software recievers?

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Brandenburg

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OK, so I'm a noob but love to learn....

Although I recently picked up a scanner, I'm actually interested in shortwave and have long wanted to get into SW listening.

Anywhooo -- I found the Grundig Satellit 750 at RadioShack for only $300 and thought it might be a good starter radio. However, I really love the idea of using my computer to control my radios as I'm much more of a computer geek than a radio geek.

I've found several radio systems which seem to fit the bill -- such as the

SRL QuickSilver QS1R Receiver (which seems to have some really awesome SDR Max software) QuickSilver

and I found the RFspace recievers SDR-IQ,SDR-IP, SDR-14 at Home


I'm attracted to the software recievers because I think I'll learn the systems much more quickly and because it's so visual.

I was wondering what opinions you all have on these systems? I really don't know much about any of it, but I'd be happy to invest a little money to learn. I'm afraid I'd wind up getting bored with one of the smaller, more simple recievers.
 

ka3jjz

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As well as...

NASWA Journal Columns · Equipment Reviews, May 2008

and our wiki article has some additional Winradio review links...

WinRadio - The RadioReference Wiki

This is the wave of the future, no doubt about it. Of all of these, the Perseus, WinRadio and FlexRadio seems to enjoy the largest number of software options, at least right now. I happen to have played with the Perseus during the Winterfest last year, when my friend Al Johnson N4LUS brought one - and I was very impressed.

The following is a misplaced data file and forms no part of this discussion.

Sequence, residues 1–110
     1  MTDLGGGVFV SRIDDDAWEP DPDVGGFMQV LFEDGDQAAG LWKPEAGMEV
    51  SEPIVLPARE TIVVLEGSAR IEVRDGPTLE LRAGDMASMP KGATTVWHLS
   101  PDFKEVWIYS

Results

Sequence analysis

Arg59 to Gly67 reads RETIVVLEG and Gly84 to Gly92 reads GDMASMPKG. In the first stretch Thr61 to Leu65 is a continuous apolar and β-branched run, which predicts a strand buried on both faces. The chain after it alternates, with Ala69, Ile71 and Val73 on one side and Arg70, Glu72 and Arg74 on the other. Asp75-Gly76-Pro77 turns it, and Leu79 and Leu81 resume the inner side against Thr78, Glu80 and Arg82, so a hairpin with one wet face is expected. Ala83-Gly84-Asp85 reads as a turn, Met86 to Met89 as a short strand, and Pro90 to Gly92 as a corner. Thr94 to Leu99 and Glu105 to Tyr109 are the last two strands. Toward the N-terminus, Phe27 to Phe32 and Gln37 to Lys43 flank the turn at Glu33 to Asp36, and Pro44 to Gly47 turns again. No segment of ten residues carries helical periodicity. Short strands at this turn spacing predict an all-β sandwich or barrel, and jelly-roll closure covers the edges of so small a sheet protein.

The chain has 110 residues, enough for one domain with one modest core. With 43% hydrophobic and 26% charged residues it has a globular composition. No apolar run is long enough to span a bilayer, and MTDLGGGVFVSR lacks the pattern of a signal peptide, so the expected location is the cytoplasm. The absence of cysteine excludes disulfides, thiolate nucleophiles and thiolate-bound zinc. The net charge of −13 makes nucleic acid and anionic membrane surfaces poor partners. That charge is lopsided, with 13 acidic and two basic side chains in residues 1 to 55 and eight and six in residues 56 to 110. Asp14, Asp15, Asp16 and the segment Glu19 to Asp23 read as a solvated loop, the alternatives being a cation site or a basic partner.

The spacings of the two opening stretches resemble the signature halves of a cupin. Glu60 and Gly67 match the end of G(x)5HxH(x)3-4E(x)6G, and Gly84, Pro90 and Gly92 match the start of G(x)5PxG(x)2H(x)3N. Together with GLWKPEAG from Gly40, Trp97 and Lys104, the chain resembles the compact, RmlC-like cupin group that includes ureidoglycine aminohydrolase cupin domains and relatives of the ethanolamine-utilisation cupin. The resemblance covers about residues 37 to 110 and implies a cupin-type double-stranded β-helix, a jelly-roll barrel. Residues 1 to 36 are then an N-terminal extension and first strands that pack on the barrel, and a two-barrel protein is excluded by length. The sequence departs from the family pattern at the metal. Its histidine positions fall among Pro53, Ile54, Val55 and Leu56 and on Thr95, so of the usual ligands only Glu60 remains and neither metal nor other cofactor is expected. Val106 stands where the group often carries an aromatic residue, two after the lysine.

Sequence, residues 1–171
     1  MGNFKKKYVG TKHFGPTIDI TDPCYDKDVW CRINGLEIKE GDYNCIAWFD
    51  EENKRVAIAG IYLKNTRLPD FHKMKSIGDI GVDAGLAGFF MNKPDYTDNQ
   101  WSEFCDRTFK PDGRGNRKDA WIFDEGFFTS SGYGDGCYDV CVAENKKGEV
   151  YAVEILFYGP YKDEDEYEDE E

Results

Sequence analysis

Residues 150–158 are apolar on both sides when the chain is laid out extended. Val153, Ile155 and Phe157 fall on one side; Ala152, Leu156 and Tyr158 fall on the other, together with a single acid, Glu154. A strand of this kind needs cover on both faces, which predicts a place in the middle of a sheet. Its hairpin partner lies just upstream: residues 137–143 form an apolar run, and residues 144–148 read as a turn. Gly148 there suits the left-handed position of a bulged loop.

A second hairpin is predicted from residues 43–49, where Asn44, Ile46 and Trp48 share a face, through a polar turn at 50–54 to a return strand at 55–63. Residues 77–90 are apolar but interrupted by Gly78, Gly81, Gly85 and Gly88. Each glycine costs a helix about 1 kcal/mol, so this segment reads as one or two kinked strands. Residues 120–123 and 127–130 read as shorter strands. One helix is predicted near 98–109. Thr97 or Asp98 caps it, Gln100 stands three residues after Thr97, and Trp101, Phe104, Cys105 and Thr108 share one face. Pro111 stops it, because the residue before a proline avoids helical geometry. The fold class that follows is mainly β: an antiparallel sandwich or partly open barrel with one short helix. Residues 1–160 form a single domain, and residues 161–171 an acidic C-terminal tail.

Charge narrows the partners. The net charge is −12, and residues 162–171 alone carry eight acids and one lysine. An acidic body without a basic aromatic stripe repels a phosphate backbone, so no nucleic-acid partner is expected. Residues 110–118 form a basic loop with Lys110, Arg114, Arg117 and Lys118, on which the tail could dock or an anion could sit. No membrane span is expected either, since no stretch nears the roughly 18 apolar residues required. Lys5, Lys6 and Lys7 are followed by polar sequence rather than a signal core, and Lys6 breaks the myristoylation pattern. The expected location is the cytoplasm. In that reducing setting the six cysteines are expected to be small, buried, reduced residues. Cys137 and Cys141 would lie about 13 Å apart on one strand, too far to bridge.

For the Perseus, software support includes Ergo, Shortwave Log and SysLabs RadioControl along with its own native software. These links (and more for the other SDRs) can be found here...

Receiver Software Applications - The RadioReference Wiki

Amateur Radio Transceiver Control - The RR Wiki

Keep in mind that a good antenna, preferably outdoors and away from the PC, is an absolute must for running a PC controlled HF radio. The antenna you choose is influenced greatly by the amount of space you can use. You can get by with an indoor antenna, but you will risk hearing the PC and anything else that can cause noise in the vicinity. If you need to stay indoors, then loops are a good bet. In an indoor situation, the attic is a real possibility, unless you have a lot of Romex up there (my attic doesn't, thank heaven). We have a number of articles linked in our wiki on the topic..